We will never be able to think of sunflowers again without
remembering these spectacular fields, all over the place in the Languedoc.
Rue Ancienne, the street where we stayed for a week in
tiny Escueillens, France
(halfway between Toulouse and Narbonne,
or between Limoux and Mirepoix if you know the area)
Looking the other way down the Rue Ancienne. The houses here are about 200 years old.
The village dates from the Roman era; it's about 2,000 years old.
The front door of #10, where we were very comfortable.
The house is owned by an American woman and the rent is very affordable.
Our British-born agents manage many properties in the region.
Much cheaper than a hotel, highly recommended.
The village church. Its bell rang out every hour (twice, for some reason) and half-hour from 6 a.m. until midnight.
Apart from that bell, Escueillens was the quietest place we had ever been.
The village is too small (population maybe 100) to support a fulltime priest,
so the church is open only one Sunday a month.
It happened to be open the week we were there; there were only a handful of people inside.
Tim just outside the village proper, on the house bike.
The kids found certain places where you could catch a cell phone signal
(and a beautiful view to go with it!)
This was the view from our bedroom in Escueillens.
Rolling hills, sunflower fields, grape orchards and cypress trees.
Here's a recent article from the Guardian U.K. on the history of this region, which is west of Provence.
The Languedoc was the home of the Cathars (from the Greek katharos, meaning pure, the root of our word catharsis).
The Cathars were a heretical sect; they decried the materialism and warmongering of the medieval Catholic Church.
Of course they were brutally extinguished by Rome.More on the Cathars from the British Library here,
or read the book I read while in Cathar country, Chasing the Heretics.
Deb and kids in Carcassone.
This was one of our few sunny days in the south, which was alas atypically chilly while we were there.
We ate some great (expensive) food in Carcassone including the famous regional dish, cassoulet.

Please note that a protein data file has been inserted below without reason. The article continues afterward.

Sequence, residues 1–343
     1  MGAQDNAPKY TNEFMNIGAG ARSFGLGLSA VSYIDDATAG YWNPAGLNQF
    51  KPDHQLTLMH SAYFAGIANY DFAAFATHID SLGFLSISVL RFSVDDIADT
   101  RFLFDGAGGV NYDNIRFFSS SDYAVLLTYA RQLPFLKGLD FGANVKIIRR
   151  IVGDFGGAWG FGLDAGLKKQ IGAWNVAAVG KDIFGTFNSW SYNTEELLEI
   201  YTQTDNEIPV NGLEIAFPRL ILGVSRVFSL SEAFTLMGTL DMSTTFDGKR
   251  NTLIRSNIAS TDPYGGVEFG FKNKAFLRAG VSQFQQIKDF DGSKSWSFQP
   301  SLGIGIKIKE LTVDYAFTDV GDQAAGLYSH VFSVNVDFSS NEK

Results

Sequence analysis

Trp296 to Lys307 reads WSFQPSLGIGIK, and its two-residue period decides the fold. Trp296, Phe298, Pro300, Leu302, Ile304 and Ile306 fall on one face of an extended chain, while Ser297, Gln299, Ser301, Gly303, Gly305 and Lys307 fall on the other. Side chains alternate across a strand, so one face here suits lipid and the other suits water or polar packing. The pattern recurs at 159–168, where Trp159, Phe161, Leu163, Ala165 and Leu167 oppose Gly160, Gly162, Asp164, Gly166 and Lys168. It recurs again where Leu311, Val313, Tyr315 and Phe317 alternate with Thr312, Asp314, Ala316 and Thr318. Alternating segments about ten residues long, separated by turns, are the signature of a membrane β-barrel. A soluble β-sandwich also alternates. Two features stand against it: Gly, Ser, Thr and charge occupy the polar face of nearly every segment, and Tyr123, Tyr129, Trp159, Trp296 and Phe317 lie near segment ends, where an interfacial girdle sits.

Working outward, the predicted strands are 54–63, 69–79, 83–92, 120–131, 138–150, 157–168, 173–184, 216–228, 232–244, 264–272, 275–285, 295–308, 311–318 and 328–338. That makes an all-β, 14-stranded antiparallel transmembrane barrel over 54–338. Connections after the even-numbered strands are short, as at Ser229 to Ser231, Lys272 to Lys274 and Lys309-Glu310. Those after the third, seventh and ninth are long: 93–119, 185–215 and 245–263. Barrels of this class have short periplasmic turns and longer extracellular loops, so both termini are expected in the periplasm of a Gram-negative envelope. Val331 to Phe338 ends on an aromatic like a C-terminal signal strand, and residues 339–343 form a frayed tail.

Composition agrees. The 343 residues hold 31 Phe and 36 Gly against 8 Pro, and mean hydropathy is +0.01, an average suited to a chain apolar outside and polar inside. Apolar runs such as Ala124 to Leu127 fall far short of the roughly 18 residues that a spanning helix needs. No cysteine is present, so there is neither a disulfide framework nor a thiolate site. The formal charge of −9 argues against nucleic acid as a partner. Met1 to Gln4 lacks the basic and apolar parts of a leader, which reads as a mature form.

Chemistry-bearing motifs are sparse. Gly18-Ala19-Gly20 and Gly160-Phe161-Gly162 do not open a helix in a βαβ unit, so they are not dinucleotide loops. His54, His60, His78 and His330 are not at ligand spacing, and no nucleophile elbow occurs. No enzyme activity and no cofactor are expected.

This is how they dress up the horses in Carcassone.
There are lots more pictures of Le Cité on Willem and Marga's site.
Typical rural scene.
Memorial for five local men killed during World War II.
"They died so France may live."
Entrance to old baths/showers in non-touristy Chalabre.
Beautiful Lac Montbel outside Chalabre, where we went swimming.
A boy Tim's age had apparently drowned in the lake just a few weeks before our visit.
This is a shrine built to him. His picture was inside the rocks, mounted in plastic, along with candles and flowers.
Tim at the lake.
Deb at the lake.
Tim on the little "train" that took us to the entrance to Europe's largest once-inhabited cave,
Lombrives, a half hour from Escueillens. It takes five days to walk the entire cave.
We just took the 90-minute tour but it was very cool.
Liese and Tim with cave entrances in the background.
It was great to see the outside world again after we emerged, lemme tell you.
One day we drove over the beautiful Pyrenees Mountains through Andorra into Spain,
or more specifically Catalonia, the Spanish province of which Barcelona is capital.
This is part of the Olympic Park built for the 1992 Barcelona Olympics. It's where they held the kayaking competition.
Kids admiring a water wheel in Catalonia.
Liese enjoying another water without bubbles
(she can say that in many languages!)
Tim eating Haagen-Dazs in Catalonia. The kids thought they could use their Spanish in Spain
but found out everything in Catalonia is in Catalan, which looks like Spanish and French all mixed up.
Back in the house in Escueillens, the kids played a lot of Monopoly.
More of those spectacular sunflower fields.
The farmers will harvest the seeds for their oil; the flowers are just a beautiful by-product!
Total eye candy.
(Photo credit both sunflower photos: Liese)
On to Paris
On to Amsterdam
Back to THP